There is a certain inefficient, lengthy ritual that I perform every time I begin a new story or a major revision of one. Frustrating as it is, it will have to do until I come up with a better one or get to a point where I ditch rituals entirely. What the ritual involves is to look for a “model” in a story or other work whose voice or style or content resonates with my mood for my own story. Not that I’m trying to write like these other writers, though I do sometimes put down a sentence or two of theirs on my page – which is like trying on their clothes, I suppose – but reading them while I’m writing my story helps me write it better. This model is important. The sooner I find the right one the faster my story proceeds, sometimes with ethereal speed, to doneness which I judge for now by whether I still like it after a month. For instance there’s a story I worked on last year that I’m still happy with and I think this is in part because I found the right seed for it in the sad, mad, idiosyncratic rant, “Jealous Husband Returns in Form of Parrot” (by Robert Olen Butler – how I love this story).
More often, though, I shift frustratingly from model to model. I recently drove myself crazy with a revision I was working on, and I’m exaggerating only a little when I say this. I’d begun by looking at Kirstin Valdez Quade’s story “Nemecia:” what I like about this story is how much like a story it is, no tricks with form or style, proper beginning, middle, and end, lovely language and high emotion. Why don’t I just write a story? I thought. Then I looked at some Alice Munro and was struck again by the complexity of her fiction, so brilliant I don’t always get all the ins and outs of it. (I consider myself only a middling reader of other people’s stories – I know good stuff when I read it but I can’t always say precisely why it’s good.) Then I studied “The Disappearance of Luisa Porto,” a brooding story by Frances de Pontes Peebles set in Brazil. Perhaps I should emulate, I thought, how the author works in ethnic details with such ease and abundance that reading the story makes me feel as if I’m strolling down the ethnic aisle of a grocery story surrounded by exotic, beguiling words on highly colored packaging. From Luisa Porto I jumped unexpectedly to my old love, Thomas Bernhard’s Woodcutters. What a book, one that gives conventional narrative the royal boot. (I’ve always had a fight with conventional narrative but in the end I’ll probably succumb because I’m not Bernhard.) Along the way I looked at other favorites, Akhil Sharma (deadpan humor), Elisabeth Harrower’s story “Alice,” etc., etc.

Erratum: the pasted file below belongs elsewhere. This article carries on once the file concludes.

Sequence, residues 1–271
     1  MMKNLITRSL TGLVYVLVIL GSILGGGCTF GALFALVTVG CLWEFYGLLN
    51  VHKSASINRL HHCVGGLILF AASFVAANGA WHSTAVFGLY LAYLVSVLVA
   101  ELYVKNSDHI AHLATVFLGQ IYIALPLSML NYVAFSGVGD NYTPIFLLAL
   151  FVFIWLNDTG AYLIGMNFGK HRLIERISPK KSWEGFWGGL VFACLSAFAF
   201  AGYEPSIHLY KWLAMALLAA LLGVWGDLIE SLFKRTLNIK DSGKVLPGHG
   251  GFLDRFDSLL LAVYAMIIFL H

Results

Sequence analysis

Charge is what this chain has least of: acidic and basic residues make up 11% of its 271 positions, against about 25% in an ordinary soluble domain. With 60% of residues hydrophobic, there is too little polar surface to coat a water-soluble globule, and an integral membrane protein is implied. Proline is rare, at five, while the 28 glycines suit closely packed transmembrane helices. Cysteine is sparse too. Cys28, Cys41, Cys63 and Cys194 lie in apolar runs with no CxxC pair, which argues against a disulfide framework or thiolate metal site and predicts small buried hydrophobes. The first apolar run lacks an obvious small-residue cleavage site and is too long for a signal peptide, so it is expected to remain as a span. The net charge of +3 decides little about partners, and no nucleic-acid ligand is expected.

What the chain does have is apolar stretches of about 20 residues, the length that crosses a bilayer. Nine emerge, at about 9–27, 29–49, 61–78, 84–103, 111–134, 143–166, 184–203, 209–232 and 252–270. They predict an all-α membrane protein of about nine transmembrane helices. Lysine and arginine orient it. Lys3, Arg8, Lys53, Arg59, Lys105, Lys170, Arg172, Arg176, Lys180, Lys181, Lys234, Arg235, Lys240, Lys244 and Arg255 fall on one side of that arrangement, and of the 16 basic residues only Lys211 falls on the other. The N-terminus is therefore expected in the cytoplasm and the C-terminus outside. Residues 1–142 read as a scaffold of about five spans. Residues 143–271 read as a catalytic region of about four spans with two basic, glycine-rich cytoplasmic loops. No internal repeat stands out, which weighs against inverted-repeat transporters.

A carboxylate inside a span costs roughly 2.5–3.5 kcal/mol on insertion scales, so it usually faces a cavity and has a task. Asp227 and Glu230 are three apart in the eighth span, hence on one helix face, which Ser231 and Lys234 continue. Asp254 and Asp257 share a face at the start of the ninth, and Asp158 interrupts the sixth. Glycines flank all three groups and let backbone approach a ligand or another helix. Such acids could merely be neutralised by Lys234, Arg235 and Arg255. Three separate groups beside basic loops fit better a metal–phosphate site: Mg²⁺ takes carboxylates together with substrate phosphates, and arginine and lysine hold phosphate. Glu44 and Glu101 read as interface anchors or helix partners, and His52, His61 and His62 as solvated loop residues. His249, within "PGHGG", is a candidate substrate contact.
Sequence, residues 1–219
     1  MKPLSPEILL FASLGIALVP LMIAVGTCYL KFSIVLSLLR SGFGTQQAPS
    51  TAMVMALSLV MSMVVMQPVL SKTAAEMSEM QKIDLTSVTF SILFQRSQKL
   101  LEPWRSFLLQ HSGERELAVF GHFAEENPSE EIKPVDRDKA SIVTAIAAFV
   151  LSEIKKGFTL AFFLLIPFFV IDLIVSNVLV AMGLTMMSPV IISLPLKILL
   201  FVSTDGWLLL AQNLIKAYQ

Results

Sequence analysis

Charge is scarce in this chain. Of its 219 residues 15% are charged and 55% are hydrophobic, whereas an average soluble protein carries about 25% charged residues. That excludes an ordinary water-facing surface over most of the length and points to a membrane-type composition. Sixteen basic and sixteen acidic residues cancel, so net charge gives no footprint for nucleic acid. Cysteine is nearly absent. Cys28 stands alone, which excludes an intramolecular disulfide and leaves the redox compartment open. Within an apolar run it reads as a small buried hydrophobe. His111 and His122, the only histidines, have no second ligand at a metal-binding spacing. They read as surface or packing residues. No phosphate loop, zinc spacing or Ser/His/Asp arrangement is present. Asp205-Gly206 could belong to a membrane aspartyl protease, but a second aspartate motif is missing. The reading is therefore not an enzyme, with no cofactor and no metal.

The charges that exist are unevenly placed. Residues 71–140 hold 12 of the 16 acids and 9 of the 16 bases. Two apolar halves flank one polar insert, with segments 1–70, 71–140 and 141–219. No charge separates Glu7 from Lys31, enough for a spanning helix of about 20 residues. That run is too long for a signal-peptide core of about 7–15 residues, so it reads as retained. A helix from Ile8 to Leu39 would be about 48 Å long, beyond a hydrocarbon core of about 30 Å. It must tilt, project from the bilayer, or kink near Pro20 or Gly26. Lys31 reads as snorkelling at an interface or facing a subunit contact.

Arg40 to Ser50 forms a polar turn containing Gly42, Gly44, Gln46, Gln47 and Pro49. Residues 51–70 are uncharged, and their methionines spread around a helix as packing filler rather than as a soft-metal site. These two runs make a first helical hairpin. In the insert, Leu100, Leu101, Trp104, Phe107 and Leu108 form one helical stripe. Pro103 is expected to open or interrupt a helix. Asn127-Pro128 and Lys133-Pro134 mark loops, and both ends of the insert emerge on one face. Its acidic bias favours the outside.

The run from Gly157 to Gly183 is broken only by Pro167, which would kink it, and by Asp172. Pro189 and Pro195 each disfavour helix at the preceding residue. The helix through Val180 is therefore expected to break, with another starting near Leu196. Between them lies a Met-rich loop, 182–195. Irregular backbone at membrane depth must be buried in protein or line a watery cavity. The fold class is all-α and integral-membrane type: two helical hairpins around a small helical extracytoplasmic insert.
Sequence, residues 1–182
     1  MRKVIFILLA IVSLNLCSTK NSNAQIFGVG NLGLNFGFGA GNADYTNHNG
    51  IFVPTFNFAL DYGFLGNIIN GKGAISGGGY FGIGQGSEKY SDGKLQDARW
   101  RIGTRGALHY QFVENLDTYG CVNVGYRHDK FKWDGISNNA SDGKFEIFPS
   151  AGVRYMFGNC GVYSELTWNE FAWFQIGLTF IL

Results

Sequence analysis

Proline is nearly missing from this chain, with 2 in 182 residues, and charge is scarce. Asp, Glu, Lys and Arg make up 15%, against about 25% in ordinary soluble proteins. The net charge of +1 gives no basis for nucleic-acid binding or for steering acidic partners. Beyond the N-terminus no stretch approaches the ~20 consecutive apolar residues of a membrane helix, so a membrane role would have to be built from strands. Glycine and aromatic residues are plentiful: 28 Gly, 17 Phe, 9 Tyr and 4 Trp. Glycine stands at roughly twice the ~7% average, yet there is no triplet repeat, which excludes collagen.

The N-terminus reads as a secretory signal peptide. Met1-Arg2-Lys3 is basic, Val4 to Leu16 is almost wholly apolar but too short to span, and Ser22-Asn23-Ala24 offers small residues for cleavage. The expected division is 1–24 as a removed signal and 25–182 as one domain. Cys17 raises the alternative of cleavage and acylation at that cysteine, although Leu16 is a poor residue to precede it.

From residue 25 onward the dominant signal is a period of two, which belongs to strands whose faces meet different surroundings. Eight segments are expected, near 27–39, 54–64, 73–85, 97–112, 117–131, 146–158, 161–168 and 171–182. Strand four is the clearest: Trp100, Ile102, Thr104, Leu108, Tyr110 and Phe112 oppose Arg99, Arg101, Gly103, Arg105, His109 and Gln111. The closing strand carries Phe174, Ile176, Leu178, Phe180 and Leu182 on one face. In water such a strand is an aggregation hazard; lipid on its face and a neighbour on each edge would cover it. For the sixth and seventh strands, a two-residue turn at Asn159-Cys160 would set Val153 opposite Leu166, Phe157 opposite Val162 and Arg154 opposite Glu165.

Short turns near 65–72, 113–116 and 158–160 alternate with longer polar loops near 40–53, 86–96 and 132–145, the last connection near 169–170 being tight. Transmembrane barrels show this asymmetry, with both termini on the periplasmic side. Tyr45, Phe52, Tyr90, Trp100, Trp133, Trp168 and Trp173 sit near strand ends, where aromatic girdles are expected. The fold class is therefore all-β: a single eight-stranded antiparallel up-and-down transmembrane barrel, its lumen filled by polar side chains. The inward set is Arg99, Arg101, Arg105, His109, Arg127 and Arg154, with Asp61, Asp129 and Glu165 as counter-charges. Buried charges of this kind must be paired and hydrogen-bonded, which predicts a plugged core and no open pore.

So I went on for a month at the end of which a point came—it usually does—when I felt I could go on with my own story, having settled—tentatively—on an approach that didn’t look like any one thing I’d been reading but probably had a bit of all of them in it. My process is frustrating. But having done this a few times I see some advantages to it. It forces me to look again at the work of writers I love and think about what I love about them. It helps me get a better sense of where my approach lies in the spectra of style and content. It helps me feel less as if I’m writing in a vacuum and more as if I’m writing to fill a gap. I suspect and hope though that one day I’ll just sit down and write to my own model.
-Anu Kandikuppa, 2016 Gish Jen Fellow